The inclusion of vegetable fats in supplements for cattle and sheep feeding improves the energy balance and bioavailability of fatty acids for the synthesis of cholesterol, eicosanoids and steroid hormones. These metabolites have a number of functions in ovarian and uterine activity, and have been shown to have a positive influence in the reproductive performance of sheep and cattle (Mattos et al., 2000; Santos et al., 2008). Concentration of selenium in follicle population and diameter increased in dairy cattle when the dietary energy density was increased (Gwazdauskas et al., 2000; Marei et al., 2009; Renaville et al., 2010). Also, increases in diameter, higher numbers and quality of oocyte and larger sizes of the corpus luteum (CL) and gonadotropin secretion of the dominant follicle have been observed in sheep (Mattos et al., 2000; Boland et al., 2001; Marei et al., 2010). The supplementation of diets with corn oil, which is rich in polyunsaturated fatty acids (PUFAs) resulted in a higher number of CL and embryos being collected in Pelibuey sheep that underwent superovulatory treatment (Herrera-Camacho et al., 2008). Moreover, some studies have reported that fat supplementation in ruminants causes high blood cholesterol level (COL), high-density lipoproteins and low-density lipoproteins (Espinoza et al., 2008). These metabolites are the main precursors of COL for the synthesis of steroid hormones (Whates et al., 2007; Manna et al., 2009), hence contributing to improving the development of follicles and the steroid hormone-synthesizing capacity of the ovaries. Thus, it is important to determine the way in which the metabolism of vegetable fats relates to the ovarian response and quality of embryos in ewes.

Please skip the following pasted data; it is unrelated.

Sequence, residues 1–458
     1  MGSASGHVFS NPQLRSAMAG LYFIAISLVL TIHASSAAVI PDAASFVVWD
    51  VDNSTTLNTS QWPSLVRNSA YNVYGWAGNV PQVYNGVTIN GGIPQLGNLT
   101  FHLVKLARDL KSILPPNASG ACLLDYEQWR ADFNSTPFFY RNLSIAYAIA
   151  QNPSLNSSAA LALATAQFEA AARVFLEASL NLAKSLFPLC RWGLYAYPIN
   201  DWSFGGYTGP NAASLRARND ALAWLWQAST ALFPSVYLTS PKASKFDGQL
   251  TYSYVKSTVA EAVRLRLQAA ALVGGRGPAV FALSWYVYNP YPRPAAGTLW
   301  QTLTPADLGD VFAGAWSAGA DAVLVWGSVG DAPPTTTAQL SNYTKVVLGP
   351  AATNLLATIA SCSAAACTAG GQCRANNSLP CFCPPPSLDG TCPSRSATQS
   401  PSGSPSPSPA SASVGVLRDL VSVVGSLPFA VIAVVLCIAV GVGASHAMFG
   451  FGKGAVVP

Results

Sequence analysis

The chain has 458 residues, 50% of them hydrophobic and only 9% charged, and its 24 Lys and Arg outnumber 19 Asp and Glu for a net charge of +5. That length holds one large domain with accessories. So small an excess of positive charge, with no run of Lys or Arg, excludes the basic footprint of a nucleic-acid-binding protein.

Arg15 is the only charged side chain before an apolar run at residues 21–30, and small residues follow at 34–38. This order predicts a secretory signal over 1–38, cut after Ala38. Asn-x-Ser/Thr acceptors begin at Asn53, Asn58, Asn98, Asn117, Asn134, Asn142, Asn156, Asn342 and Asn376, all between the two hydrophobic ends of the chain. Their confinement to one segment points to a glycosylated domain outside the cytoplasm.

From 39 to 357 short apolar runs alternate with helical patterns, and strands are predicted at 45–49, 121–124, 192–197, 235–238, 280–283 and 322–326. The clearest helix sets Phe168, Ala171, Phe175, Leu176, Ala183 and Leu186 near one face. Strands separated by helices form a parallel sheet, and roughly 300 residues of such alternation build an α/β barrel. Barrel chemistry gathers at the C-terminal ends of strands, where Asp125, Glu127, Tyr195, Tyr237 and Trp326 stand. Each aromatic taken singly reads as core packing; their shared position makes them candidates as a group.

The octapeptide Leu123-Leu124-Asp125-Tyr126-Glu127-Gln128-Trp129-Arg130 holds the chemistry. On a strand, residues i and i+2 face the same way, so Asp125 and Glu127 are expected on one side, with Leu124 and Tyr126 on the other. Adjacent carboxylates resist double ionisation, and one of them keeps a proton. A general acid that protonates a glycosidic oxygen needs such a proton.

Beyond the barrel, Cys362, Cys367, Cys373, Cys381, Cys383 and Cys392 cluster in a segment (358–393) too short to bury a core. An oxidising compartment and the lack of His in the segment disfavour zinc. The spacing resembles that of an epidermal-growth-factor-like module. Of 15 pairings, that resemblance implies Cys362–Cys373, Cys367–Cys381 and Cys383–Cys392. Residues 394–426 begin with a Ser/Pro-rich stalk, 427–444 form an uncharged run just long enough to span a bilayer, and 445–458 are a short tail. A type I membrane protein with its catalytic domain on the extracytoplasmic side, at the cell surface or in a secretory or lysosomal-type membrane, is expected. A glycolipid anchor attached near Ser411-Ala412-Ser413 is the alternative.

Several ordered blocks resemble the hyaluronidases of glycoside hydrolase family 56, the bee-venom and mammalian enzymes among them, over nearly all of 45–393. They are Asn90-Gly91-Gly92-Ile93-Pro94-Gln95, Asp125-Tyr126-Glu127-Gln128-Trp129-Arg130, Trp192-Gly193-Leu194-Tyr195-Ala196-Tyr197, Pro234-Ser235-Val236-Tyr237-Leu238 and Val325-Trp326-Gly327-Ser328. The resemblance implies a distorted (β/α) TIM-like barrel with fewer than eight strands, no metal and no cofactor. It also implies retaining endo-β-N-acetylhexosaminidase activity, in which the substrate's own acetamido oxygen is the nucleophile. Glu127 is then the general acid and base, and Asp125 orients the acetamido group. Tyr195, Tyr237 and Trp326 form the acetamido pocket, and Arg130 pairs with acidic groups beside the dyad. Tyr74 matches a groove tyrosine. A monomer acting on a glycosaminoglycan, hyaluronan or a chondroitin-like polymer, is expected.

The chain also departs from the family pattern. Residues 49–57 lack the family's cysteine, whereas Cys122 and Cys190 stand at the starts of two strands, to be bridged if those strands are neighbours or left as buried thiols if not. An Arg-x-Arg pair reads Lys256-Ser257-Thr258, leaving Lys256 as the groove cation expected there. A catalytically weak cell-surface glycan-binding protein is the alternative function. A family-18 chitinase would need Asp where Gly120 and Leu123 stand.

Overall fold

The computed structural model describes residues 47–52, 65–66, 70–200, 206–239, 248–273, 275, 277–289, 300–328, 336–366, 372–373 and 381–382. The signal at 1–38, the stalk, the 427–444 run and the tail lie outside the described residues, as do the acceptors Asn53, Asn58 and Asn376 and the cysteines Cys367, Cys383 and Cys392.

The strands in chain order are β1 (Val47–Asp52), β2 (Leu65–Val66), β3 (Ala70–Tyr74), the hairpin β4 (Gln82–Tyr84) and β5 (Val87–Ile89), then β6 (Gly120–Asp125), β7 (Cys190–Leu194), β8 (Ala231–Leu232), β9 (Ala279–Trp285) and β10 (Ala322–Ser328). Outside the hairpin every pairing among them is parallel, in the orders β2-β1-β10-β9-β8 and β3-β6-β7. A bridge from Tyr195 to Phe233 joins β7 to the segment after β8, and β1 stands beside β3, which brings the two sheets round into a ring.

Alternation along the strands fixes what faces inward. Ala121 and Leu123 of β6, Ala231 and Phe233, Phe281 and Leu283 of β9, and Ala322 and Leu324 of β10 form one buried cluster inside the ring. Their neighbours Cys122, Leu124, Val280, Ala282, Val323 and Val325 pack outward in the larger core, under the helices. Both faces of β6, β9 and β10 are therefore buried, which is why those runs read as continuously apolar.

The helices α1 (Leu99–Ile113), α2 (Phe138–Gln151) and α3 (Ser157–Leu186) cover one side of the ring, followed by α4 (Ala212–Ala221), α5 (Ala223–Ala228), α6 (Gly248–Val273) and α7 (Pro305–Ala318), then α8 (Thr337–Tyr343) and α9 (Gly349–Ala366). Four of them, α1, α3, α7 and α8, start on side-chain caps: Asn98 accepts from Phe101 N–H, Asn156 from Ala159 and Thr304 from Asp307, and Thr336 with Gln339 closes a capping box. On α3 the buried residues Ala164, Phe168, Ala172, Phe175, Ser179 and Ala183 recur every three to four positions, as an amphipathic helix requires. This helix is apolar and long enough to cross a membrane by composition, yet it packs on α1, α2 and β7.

The benefits to ovarian function, quality, number and size of the follicles of including a PUFA diet have been documented (Wonnacot et al., 2010; Meza- Villalvazo et al., 2013). Their effects in prostaglandins and steroid biosynthesis are mediated by alterations in the uterus gene expression, which in turn promotes development and embryo implantation (Wonnacot et al., 2010; Hughes et al., 2011; Waters et al., 2012).

In tropical regions there are diverse sources of feedstuffs rich in fatty acids (Velázquez & Gómez, 2010), such as oil extracted from the kernel of the African palm (Elaeis guineensis), which exhibits an approximate content of 51% unsaturated fatty acids and 49% saturated fatty acids. Since the effectiveness of crude palm oil (PO) in the reproductive activity of ruminants has not been proven (Trujillo-Castillo et al., 2010), it is worth evaluating its potential in ewes that are intended for multiple ovulation and embryo transfer. The objectives of the present study were therefore to evaluate the SR, embryo quality grade and embryonic developmental stage, and their relation to certain lipid, insulin and IGF-1 metabolites in hair ewes whose feed has been supplemented with palm oil.

 

Materials and Methods